hon·or·ing ˈä-nə-riŋ, ˈän-riŋ
a : to regard or treat (someone) with admiration and respect
“The most honoring thing you can do is make something for someone.” Those words from our Culinary Director, Judy Sipe, are resonating with me this holiday season.
It’s not about the economy, although you can definitely save money by making your own gifts. Judy’s follow up comment was, “The richer you are, the more it means to give of yourself. I like gifts to be something from me that people will really cherish.”
So, rich or poor or, like most of us, somewhere in between, there is something special about giving a homemade gift for the holidays. And, for me, it’s usually food.
While I’m a big fan of some of the online food sites (see our Top Ten Online Food Gifts for 2010), I’m also a fan of the personal gesture. After all, I’m the one who purchased cookie jars at the end of the season, stored them all year, then filled them with fresh baked cookies and delivered them to friends at Christmas. I’m the one who bakes sourdough bread filled with cinnamon and nuts and hands it out at the holidays. I’m the one who figures if you can’t make time to bake, then you really are too busy.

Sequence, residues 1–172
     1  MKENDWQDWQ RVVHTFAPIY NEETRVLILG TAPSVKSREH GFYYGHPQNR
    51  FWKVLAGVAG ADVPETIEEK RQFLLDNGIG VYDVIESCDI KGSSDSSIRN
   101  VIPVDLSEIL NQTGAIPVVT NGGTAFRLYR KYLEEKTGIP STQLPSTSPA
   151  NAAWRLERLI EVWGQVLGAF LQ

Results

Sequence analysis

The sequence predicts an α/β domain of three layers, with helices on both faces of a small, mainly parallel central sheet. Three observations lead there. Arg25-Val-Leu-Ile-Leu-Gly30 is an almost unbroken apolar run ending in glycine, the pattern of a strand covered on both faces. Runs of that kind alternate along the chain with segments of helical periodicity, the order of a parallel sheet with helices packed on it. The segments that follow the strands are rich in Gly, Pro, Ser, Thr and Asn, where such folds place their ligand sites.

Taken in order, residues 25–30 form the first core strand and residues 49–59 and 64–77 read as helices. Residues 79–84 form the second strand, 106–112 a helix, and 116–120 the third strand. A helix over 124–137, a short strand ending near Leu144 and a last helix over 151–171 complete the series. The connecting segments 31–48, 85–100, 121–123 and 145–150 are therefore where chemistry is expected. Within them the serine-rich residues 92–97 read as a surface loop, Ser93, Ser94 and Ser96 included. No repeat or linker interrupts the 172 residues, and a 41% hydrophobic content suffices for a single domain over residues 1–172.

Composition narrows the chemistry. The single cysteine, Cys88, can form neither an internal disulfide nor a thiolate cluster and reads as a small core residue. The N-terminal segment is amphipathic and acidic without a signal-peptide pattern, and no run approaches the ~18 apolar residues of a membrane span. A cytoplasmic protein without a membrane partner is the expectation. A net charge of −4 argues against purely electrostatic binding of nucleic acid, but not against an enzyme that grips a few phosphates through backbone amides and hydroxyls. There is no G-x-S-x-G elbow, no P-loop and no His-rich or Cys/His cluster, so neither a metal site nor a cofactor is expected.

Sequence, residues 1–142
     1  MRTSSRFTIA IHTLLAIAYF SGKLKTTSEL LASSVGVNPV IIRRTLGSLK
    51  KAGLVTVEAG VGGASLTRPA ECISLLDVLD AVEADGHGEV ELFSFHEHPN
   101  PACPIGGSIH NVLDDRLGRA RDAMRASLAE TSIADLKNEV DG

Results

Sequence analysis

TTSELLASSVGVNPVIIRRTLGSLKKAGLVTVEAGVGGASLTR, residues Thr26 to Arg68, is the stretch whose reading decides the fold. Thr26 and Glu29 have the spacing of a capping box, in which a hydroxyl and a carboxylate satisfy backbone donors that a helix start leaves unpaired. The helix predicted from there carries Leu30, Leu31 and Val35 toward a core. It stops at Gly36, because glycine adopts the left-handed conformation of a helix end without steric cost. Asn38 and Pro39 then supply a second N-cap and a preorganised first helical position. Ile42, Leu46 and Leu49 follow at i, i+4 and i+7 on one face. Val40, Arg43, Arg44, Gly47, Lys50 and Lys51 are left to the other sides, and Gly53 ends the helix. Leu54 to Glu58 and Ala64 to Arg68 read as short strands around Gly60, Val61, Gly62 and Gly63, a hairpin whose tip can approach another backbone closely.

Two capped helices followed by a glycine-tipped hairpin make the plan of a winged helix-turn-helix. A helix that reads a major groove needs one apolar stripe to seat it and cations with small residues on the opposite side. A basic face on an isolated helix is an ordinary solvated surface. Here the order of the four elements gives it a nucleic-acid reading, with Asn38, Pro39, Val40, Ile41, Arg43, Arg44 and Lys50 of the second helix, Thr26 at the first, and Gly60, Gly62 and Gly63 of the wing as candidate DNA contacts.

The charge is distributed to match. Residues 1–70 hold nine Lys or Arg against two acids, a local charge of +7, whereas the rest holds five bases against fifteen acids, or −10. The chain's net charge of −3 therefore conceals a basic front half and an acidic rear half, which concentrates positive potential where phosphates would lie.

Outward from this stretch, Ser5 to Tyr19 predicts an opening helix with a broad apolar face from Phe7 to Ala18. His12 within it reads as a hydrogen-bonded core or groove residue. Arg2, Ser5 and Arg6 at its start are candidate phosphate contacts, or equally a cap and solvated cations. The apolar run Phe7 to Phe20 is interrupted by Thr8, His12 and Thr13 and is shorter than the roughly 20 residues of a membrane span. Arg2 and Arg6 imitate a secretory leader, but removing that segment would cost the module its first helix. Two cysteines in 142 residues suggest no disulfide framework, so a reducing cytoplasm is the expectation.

We have some great homemade gift ideas in the pages of The Food Channel, which you can find in “related links,” below. You may find yourself inspired to new heights!
There are a number of retailers who are making it easier than ever to give homemade gifts—thus getting their share of the dollars, while still allowing you to give of yourself. And, why not. The economy needs a boost. So check out what Hallmark, Martha Stewart, and others are offering with boxes, bags and containers designed specifically for your homemade breads, cookies and other goodies.
However you wrap them, a homemade gift of food is definitely, to use Judy’s word, honoring to the recipient.
May this be a holiday season of honor.